A further 315 people have died in the UK after contracting coronavirus.
As of 5pm on Saturday, a total of 28,446 people had died in hospitals, care homes and the wider community after testing positive for Covid-19, according to the Department of Health.
The number of deaths on Sunday were considerably down from the previous day, when 621 more were confirmed.
The figure means the UK is closing the number of deaths linked to coronavirus in Italy, which stands at 28,884, the highest in Europe.
In England, the number of people who have died with the respiratory disease has risen by 327 to 21,180.
These figures are calculated over a different time period, resulting in in the higher number than the total.
In Northern Ireland, five more people have died, bringing the total number of deaths to 381.
A further 14 people have died in Wales, taking the total number of deaths there to 983, Public Health Wales said.
Scotland deaths rose by 12 to 1,571, the health minister said.
It was also confirmed that there had been a significant drop in testing carried out on Saturday, with just 76,496 carried out, well below the 100,000 daily target.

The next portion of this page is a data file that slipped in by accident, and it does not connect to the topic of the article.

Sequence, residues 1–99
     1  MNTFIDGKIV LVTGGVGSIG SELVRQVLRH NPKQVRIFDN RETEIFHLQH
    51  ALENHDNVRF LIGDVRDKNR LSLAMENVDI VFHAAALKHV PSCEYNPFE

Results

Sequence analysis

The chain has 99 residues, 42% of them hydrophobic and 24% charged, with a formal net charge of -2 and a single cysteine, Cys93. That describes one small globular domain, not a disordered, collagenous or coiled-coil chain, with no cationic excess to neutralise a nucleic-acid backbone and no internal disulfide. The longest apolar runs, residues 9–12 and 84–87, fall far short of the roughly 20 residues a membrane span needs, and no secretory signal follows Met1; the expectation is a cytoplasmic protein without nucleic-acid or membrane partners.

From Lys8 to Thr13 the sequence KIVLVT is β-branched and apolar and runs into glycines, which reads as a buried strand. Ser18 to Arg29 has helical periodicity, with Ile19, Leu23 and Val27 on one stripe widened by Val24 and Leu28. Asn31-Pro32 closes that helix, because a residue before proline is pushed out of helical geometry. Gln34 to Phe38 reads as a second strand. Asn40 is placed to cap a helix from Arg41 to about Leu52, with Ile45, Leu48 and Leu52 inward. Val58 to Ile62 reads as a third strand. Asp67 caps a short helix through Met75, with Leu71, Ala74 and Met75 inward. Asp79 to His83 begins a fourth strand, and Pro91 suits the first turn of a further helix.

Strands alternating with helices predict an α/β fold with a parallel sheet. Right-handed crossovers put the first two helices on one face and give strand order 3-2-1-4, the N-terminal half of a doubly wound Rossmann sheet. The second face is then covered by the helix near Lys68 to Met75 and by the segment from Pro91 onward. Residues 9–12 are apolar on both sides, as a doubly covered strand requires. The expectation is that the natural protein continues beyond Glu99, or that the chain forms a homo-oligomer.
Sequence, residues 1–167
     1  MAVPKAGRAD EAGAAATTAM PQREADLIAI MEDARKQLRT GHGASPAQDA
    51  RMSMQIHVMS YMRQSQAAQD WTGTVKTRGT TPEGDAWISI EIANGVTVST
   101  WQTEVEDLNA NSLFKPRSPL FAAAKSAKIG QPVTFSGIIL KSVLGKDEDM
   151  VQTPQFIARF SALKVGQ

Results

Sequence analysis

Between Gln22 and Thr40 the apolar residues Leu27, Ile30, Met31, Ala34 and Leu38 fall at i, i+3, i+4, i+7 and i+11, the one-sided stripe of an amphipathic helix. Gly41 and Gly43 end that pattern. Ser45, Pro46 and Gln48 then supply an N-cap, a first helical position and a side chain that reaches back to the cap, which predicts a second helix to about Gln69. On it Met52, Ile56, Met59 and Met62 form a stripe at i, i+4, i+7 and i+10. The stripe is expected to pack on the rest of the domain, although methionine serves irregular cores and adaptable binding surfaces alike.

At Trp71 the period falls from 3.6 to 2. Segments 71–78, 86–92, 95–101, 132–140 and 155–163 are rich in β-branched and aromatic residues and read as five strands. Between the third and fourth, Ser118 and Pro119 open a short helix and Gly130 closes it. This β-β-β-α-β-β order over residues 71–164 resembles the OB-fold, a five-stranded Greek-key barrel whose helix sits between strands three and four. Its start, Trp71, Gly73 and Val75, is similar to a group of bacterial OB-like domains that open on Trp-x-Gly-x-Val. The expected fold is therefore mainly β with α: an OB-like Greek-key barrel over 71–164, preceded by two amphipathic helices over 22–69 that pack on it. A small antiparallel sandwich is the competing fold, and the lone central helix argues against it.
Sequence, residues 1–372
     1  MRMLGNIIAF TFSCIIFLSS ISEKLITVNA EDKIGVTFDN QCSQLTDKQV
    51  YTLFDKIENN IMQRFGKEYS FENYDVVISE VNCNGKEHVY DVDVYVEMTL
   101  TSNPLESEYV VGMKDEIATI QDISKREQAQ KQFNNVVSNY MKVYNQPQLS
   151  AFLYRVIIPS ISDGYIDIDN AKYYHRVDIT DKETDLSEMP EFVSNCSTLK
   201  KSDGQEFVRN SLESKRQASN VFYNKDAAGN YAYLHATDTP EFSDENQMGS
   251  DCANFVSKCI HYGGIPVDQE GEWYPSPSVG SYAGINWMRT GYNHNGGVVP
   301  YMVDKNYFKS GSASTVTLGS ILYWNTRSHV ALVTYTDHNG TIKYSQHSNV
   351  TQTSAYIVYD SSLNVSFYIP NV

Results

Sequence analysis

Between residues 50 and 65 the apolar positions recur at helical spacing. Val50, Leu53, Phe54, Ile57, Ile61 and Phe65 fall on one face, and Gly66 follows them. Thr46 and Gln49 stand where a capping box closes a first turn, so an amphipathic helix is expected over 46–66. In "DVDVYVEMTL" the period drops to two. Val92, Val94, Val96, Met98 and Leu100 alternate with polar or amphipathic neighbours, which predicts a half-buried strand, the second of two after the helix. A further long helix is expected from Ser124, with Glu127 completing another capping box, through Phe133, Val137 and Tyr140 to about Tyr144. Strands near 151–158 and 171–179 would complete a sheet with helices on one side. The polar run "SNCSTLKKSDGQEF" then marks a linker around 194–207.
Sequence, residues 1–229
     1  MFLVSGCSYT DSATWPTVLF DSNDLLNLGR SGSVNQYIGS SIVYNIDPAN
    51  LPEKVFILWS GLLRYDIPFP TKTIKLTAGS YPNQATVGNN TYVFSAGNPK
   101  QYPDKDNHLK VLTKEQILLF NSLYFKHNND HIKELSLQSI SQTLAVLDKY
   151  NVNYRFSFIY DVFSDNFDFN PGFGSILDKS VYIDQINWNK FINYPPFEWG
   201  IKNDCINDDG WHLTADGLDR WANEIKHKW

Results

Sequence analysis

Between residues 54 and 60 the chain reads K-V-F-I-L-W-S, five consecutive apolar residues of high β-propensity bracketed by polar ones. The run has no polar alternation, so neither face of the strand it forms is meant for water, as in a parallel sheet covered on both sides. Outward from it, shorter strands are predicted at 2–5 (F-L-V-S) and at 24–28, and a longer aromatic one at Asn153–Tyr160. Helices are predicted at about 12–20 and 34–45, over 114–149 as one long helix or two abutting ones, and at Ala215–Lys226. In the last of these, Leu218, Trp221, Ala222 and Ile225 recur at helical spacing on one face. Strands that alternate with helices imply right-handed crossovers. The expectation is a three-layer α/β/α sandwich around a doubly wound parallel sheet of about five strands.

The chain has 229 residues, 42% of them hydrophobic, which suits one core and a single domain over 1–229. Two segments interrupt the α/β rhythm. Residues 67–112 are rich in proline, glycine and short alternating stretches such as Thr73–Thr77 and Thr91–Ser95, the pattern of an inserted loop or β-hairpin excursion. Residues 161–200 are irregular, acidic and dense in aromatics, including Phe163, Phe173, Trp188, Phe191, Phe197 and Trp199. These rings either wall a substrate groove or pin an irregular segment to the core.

The number of people in hospital being treated for coronavirus is also dropping, with London now said to be past the peak.
Asked when the peak of the virus was, Professor Steve Powis said: “I think that’s a question that can’t really be precisely answered.”
He explained: “There’s been a series of peaks – there’s been peaks in deaths, peaks in hospital admissions and peaks have occurred at different times around the country because different regions of the country have been in different stages.”
However he added: “I think broadly we saw that plateauing of a variety of measures around the middle of April.”
He also said that Government advisers now believe the R-rate to be “around 0.7”.
During the Government's daily briefing, Chris in London asked what lessons have been learned for future waves of the virus and how the government will ensure there are enough PPE and ventilators in the future.
NHS England’s national medical director Professor Powis said: “What I learned is that the NHS and the great staff of the NHS, when given that challenge, can very, very rapidly put in place the extra capacity that is required.
“And they have done that magnificently, and at no point during the surge of cases in April was the NHS in a position where it was not able to give the treatment to patients with Covid-19 that they needed.
“That is a great testament to how well the NHS has been able to cope.
“And I think then the lesson going forward is one, that we can do that, but two, we need to keep that capacity in place.
“But we need to keep it in place at the same time as standing up all the other services that the NHS is providing.
“They’re the ones we’ve always provided, the emergency services, but some of the services that we’ve had to stand down during April, so elective surgery for instance.
“So my lesson is that the NHS is incredibly flexible. It can respond to this challenge, and it will respond to the challenge going forward into the months ahead.”